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by Alison Willmore
May 9, 2013 1:59 PM
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Drafthouse Films Heads to Ben Wheatley's Psychedelic 'A Field In England'

"A Field in England." Drafthouse

With Ben Wheatley's black comedy arriving in U.S. theaters tomorrow "Sightseers," Drafthouse Films has announced it has picked up the North American rights to the British director's newest film, "A Field in England." Billed as a "psychedelic trip into magic and madness," the horror film is Wheatley's fourth, and follows a group of soldiers during the English Civil War of the 17th century who are captured by an alchemist and led to a giant mushroom field to assist in his search for treasure he believes is hidden there. Nightmarishly hallucinatory things then occur. The film stars Reece Shearsmith (“The League Of Gentlemen”) and Michael Smiley ("Kill List",) and features Julian Barrett (“The Mighty Boosh”) in a small role.

READ MORE: 'Sightseers' Director Ben Wheatley Discusses His Black Comedy and Asks Marvel to "Phone me up!"

Drafthouse is planning a theatrical and VOD release for the film in 2013.

"When we world-premiered Ben's debut feature 'Down Terrace' at Fantastic Fest in 2009, he deservedly won top prize, the AMD Next Wave award. We knew we were witnessing the debut of a major talent." said Drafthouse's Tim League in the announcement. "Ben represents the ideal filmmaker we love to support at Drafthouse Films and fully embodies our unique brand – a visionary who compounds genre themes and artfully unusual sensibilities. We are incredibly honored to be working with him to release 'A Field In England.""

"I’m very excited to be working with Drafthouse on 'A Field in England,'" Wheatley added. "They are a great company who have released some groundbreaking films over the last few years. I went to Fantastic Fest in 2009 wanting to visit a cinema I'd read about for years (and to buy up as many Mondo posters as I was allowed to take on the plane), I came away with the start of a career. Drafthouse is a name that will always be special to me and I’m really happy to be working side by side with them."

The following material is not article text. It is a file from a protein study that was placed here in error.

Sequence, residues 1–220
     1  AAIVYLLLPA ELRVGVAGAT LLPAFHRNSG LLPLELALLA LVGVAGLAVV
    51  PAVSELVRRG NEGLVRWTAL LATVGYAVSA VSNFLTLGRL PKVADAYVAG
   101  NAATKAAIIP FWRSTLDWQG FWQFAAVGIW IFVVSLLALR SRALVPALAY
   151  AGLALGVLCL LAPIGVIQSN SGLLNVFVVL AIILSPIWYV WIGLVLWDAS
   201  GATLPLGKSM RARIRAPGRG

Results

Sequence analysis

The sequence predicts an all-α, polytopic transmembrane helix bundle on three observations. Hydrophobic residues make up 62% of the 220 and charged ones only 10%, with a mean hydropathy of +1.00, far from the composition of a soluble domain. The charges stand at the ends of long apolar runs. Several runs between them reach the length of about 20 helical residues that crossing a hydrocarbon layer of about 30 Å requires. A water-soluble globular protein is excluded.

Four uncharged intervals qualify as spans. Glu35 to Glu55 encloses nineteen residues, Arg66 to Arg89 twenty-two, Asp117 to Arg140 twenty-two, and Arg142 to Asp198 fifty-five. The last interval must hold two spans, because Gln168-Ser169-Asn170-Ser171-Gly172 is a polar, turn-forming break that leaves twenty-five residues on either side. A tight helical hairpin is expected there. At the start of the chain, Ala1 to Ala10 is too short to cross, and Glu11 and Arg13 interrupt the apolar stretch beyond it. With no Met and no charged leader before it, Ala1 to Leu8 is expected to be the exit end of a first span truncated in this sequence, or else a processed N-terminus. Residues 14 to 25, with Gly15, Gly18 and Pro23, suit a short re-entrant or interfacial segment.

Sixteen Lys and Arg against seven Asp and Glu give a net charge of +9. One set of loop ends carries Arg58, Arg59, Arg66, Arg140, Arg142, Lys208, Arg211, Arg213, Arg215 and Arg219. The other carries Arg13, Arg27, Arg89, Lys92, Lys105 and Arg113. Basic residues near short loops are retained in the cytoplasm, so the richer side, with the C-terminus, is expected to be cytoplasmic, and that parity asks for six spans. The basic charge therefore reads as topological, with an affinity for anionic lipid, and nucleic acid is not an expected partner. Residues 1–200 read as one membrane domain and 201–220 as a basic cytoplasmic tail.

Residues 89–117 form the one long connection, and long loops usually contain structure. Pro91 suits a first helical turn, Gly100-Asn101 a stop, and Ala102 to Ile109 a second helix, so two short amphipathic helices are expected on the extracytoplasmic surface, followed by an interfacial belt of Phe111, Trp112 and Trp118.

Wheatley's next feature, the big-budgeted sci-fi/action epic "Freak Shift," is currently in pre-production. The deal for "A Field in England" was negotiated by Tim League and James Emanuel Shapiro on behalf of Drafthouse Films and Andy Starke of Rook Films with Anna Higgs of Film4.

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1 Comment

  • Chris Draft | May 9, 2013 4:13 PMReply

    Another year and here comes the big fiasco about Sundance Film Festival and how they have sifted through 12,000 film submissions sent in the mail and are responsible for discovering unknown low budget film gems.
    By now anyone who has followed and observed the absurd and has heard about the fallout between Sundance and a few Independent filmmakers that have taken them to court, will undoubtedly stay clear of this shambles of a so called Institution that appears to be just one more corrupted organization that has capitalized on the gullible dreams of aspiring filmmakers.

    A court ruling last year that ruled in their favor did determine that none of the films submitted actually had to be watched at all. If you are doing the math that is over 500,000.00 stolen from filmmakers who are also obligated to submit their film to an on-line submission process called without a box.

    Sundance thrives on celebrity sightings and even awards its own films each year in the winning categories all to the unbeknownst public and even filmmakers.

    John Cooper head of film programming should be hanging his head in shame, or should have been ousted by now from the board members who have obviously looked the other way also, while they continue to receive monies from over 12,000 filmmakers. Over 99% of these films selected for the festivals less than 100 film slots are done so in the previous year.

    In fact all 6 head programmers travel all over the world selecting films that have already played successfully in other festivals.

    So the question remains,why continue to take money from filmmakers whose films they would never watch anyways?

    Answer: Because the courts say they can.